In the United States (where I am), we’re currently seeing states starting to open up due to political and economic pressure. It seems like there’s too much pressure from the top (President Trump) and the bottom (unemployment) to hold people on extreme lockdowns any longer, but this is driving a bigger question of “how do we all operate in this environment without creating a runaway pandemic?”
As I mentioned in my last newsletter, this need is why we’re building Autonomy, a neighborhood public health forecasting tool. A couple of weeks ago, Autonomy won Cohack, an online hackathon co-organized by the Taiwanese and the US governments with the goal of developing sophisticated solutions for managing the coronavirus pandemic.
You can learn about how we protect user privacy in hopes to activate mass participation in public health on our website. You can also sign up to get notified once Autonomy is out. Currently, we’re still in internal testing and we expect to have exciting announcements about launch partners soon.
In other news, Bitmark was named a 2020 Technology Pioneer by the World Economic Forum. Personally speaking, I am really happy to see our mission to restore trust in data validated at a global level.
In other COVID-19 related thoughts:
– Michael C. Lu, MD, MPH, dean of the School of Public Health at the University of California at Berkeley talked about fighting future pandemics in the Washington Post:
First, we can create a global early warning system. Much like systems for tsunamis and earthquakes, an early warning system could allow for early detection of and rapid response to an outbreak before it spreads. It would gather intelligence through a combination of zoonotic reconnaissance, artificial intelligence (AI) surveillance and outbreak investigation.”
– Laurie Garrett, Pulitzer Prize winning science journalist on the state of America’s handling of the crisis in the New York Times:
The problem, Garrett added, is bigger than Trump and older than his presidency. America has never been sufficiently invested in public health. The riches and renown go mostly to physicians who find new and better ways to treat heart disease, cancer and the like. The big political conversation is about individuals’ access to health care.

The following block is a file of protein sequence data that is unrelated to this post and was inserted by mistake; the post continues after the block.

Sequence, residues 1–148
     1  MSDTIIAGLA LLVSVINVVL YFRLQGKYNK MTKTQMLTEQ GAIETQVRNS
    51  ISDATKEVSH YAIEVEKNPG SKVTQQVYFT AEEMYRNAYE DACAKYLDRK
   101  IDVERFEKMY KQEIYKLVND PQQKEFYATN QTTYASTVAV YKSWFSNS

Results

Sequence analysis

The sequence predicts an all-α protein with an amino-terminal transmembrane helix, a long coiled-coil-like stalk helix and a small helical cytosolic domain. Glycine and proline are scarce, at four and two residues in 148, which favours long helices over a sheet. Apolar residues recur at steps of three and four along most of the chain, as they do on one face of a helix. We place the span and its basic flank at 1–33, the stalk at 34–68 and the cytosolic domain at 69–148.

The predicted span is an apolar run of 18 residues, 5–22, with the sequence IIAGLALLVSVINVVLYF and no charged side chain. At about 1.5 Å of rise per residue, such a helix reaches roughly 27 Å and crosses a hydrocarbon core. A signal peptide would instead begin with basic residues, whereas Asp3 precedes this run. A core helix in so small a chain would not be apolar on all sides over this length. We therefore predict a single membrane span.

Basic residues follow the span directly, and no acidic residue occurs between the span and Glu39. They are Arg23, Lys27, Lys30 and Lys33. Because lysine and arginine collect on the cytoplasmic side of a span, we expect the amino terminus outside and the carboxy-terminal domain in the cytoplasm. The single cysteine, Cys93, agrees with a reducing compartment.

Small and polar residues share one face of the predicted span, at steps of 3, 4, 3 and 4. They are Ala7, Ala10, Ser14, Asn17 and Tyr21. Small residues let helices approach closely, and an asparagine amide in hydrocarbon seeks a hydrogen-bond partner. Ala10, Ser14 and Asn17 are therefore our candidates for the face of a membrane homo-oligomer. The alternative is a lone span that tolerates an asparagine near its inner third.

But what about the work to keep our air and water safe for everyone, to design policies and systems for quickly detecting outbreaks, containing them and protecting entire populations? Where are the rewards for the architects of that?
– How Japanese are living with COVID-19 on What Japan Thinks. Health isn’t simply about our physical symptoms, it includes our mental health, it includes how the people around us affect us. Until there’s a safe way for people to participate in these discussions, we cannot hope to move health significantly forward.
– What’s the line between privacy / freedom and safety? It’s easy to be cynical about the need for privacy when people seem to share more than ever. Well-regarded venture capitalist Fred Wilson shares his perspective.
– Why is public health so important? Because modern society depends on it, yet the incentives, as discussed by Modern Healthcare, to fund it continue to ensure future pandemics.
The Trust for America’s Health estimates public health efforts are about $4.5 billion underfunded. That’s led state and local health departments woefully unprepared to address public health emergencies such as infectious disease outbreaks, extreme weather events, and the opioid crisis.
“One could argue that there has always been underfunding but it is more meaningful at a period of time when cuts haven’t been restored and risks have increased,” said John Auerbach, president and CEO of Trust for America’s Health.
– Context into Benjamin Franklin’s famous quote: “Those who would give up essential Liberty, to purchase a little temporary Safety, deserve neither Liberty nor Safety”, from NPR.
Thanks for reading, and keep up the support for #digitalrights.
Head of Operations, Bitmark